What Do Upcoming Evictions Mean for You?
The domestic economy has ground to a halt over the last several months as the COVID-19 pandemic has worsened, keeping many working from home or home without work. Several million people have applied for unemployment.
Suspended rent payment bills in various localities have bought some people time, but now that the CARES Act's national eviction moratorium has passed its July 25 end date without renewal, up to 23 million Americans could be facing eviction in the coming months. What do these evictions mean for you, and what are your options?
Current and Upcoming Moratoriums
The actions available to you may depend on the state you live in. California, New York, Florida, and other states have extended the eviction moratorium statewide. Other counties and smaller areas have also enacted protections for renters — though your landlord might not inform you of this. Researching the laws and orders applying to your specific place of residence may help you discover information that can give you more time before rent is due.
Weekly $600 unemployment benefits also expired last week without a renewal. The current proposals — the Republican-backed HEALS Act and the Democrat-led HEROES Act — have yet to pass, but each contains different dollar amounts and distributions. It is likely that the next stimulus bill will contain elements from each, so keep your eyes peeled for further updates.
If you want to see any particular bill become law, calling your local representatives and advocating for your position is one way for you to make sure your voice is heard. Depending on where you live, petitioning your local government to pass additional protections for renters may be another way to help you and others suspend rent payments or otherwise gain eviction relief.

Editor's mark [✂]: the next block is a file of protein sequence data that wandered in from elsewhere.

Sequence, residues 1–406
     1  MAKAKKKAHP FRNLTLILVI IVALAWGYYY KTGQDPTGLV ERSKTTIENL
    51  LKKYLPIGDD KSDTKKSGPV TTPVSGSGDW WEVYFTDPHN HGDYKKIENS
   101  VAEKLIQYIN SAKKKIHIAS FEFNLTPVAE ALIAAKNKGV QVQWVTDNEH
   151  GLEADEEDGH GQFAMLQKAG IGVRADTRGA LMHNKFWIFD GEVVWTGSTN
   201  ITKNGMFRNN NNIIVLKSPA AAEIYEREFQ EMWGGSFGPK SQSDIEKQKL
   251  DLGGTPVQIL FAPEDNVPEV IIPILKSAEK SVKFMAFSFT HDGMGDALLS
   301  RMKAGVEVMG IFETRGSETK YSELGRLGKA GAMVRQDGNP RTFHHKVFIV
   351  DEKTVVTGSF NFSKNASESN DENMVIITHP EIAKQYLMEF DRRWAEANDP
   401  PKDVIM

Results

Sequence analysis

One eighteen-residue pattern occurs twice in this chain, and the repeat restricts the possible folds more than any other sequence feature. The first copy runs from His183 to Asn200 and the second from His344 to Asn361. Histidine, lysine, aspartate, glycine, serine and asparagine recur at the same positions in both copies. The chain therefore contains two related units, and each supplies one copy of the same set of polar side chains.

Lease Agreements and Options
It's also important to research landlord-tenant laws so that you are aware of all your options. Depending on your renting situation, you may be able to form a tenant union to negotiate a different rent payment plan. If you aren't paying rent, your landlord is not gaining that income — meaning they have an incentive to come to an agreement with you.
Additionally, you should be aware that if you either break your lease early or are evicted, you are not responsible for continuing to pay rent after a replacement tenant moves in. If there is a legal dispute between you and your landlord, a lawyer may be able to help mediate and advocate for your interests.
- Find a Real Estate Lawyer Near You (FindLaw's Lawyer Directory)
- Coronavirus Law Updates and Resources(FindLaw's Learn About the Law)
- Landlord Tenant Law Resources and Information (FindLaw's Learn About the Law)
- Can You Break Your Lease During a Pandemic? (FindLaw's Law and Daily Life)
You Don’t Have To Solve This on Your Own – Get a Lawyer’s Help
Meeting with a lawyer can help you understand your options and how to best protect your rights. Visit our attorney directory to find a lawyer near you who can help.